Sex with a minor is considered a crime in all states, including Wisconsin. Federal law defines human trafficking as the prostitution of a child. However, in the United States there are only 11 states which have so-called "Safe Harbor laws" in effect that work to shield a child from being charged with a sex crime if they have engaged in sex for which money has changed hands.
Wisconsin is not one of the states which have adopted a Safe Harbor law to protect child prostitutes. This means that if a child is trafficked against his or her will in Wisconsin, then this child victim can also potentially be charged with a sex crime in Wisconsin. Unfortunately by prosecuting these children under this double standard, it may only serve to continue the cycle in which these children might begin to believe that they are in fact criminals as opposed to victims.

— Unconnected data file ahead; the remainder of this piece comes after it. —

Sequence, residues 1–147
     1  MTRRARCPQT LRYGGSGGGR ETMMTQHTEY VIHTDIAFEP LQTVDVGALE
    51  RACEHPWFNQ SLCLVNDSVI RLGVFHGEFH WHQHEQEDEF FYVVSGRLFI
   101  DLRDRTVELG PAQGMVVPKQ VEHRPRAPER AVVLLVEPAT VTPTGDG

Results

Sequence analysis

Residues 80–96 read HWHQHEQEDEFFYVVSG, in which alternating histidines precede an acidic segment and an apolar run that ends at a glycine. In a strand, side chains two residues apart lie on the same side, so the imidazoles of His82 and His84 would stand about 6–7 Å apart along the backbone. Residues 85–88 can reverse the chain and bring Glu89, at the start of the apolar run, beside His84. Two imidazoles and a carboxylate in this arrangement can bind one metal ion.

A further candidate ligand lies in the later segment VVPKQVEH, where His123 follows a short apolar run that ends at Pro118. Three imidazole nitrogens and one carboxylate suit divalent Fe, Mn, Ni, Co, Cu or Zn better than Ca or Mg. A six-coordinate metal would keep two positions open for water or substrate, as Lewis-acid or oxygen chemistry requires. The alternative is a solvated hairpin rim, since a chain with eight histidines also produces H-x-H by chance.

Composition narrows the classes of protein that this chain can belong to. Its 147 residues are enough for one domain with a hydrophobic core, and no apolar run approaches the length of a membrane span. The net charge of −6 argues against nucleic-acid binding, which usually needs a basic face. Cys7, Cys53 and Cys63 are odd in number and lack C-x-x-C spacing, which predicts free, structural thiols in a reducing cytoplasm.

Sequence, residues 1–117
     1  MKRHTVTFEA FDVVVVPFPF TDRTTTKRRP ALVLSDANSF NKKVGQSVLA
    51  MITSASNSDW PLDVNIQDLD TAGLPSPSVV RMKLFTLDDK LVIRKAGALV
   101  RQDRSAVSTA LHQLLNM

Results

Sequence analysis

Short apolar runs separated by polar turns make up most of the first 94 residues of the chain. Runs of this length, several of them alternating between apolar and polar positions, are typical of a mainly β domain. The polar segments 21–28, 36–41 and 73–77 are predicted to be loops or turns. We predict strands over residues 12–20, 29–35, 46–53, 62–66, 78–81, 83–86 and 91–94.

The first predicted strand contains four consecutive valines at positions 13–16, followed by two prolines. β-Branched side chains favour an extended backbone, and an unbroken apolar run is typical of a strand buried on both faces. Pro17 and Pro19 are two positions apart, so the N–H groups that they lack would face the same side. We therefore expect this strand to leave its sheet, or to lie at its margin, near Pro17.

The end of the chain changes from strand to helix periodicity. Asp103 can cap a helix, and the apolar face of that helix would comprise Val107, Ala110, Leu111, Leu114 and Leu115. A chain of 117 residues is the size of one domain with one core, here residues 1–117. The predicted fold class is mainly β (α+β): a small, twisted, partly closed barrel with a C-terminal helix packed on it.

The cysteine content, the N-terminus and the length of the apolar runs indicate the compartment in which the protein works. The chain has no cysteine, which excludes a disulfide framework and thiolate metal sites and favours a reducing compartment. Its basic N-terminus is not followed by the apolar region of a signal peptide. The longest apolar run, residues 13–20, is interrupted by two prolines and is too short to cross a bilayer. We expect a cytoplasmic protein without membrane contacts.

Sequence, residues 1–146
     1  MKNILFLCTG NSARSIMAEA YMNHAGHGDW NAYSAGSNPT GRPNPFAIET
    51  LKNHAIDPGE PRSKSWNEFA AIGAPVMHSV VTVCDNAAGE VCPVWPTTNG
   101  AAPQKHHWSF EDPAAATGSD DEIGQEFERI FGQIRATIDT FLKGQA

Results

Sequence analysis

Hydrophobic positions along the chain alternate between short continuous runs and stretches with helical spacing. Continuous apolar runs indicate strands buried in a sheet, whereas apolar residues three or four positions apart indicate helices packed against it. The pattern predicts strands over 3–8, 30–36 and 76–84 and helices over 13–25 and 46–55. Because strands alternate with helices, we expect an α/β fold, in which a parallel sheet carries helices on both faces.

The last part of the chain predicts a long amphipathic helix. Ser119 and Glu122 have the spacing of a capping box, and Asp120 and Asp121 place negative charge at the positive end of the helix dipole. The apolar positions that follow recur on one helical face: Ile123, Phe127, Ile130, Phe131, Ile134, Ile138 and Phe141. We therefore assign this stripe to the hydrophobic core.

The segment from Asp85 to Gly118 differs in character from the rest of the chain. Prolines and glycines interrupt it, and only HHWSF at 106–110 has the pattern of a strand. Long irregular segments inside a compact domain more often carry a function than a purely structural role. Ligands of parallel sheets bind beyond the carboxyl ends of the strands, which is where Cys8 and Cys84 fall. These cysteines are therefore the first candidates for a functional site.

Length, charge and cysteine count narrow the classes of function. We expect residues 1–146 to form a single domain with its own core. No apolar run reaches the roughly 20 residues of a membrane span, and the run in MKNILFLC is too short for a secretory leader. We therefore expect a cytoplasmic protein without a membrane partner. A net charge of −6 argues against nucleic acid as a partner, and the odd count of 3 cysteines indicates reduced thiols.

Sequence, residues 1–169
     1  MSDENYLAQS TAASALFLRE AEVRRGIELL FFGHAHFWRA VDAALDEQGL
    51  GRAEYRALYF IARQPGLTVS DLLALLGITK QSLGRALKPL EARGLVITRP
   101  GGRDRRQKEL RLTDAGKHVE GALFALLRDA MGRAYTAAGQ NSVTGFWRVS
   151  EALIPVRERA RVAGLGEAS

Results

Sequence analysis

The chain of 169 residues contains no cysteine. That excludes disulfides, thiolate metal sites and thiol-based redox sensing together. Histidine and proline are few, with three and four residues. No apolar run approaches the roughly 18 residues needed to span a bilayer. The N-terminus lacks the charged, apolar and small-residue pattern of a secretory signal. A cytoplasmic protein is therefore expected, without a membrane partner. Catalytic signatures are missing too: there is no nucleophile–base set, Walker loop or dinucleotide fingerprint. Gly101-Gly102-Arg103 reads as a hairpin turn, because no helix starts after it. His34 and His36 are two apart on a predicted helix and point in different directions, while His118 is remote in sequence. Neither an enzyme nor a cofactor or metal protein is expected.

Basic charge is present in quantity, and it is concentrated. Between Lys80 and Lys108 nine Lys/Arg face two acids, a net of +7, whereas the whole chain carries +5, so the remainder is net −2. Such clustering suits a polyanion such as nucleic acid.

Instead, child prostitutes are abused, trafficked children. These children should be treated as victims of sexual abuse, rather than as criminals. Helping these children receive training, education and medical care so that the destructive cycle of prostitution can be stopped should be the number one priority.
Hopefully legislators will change the law in Wisconsin to enact a Safe Harbor law in order to prevent these children from being charged with crimes in the future.
In the meantime, any child who has been charged with the sex crime of prostitution should reach out for help to protect their rights through a criminal proceeding and beyond.
Source: The Washington Times, "Victim or criminal: The double standard of trafficked minors," Barbara Amaya, Sept. 21, 2012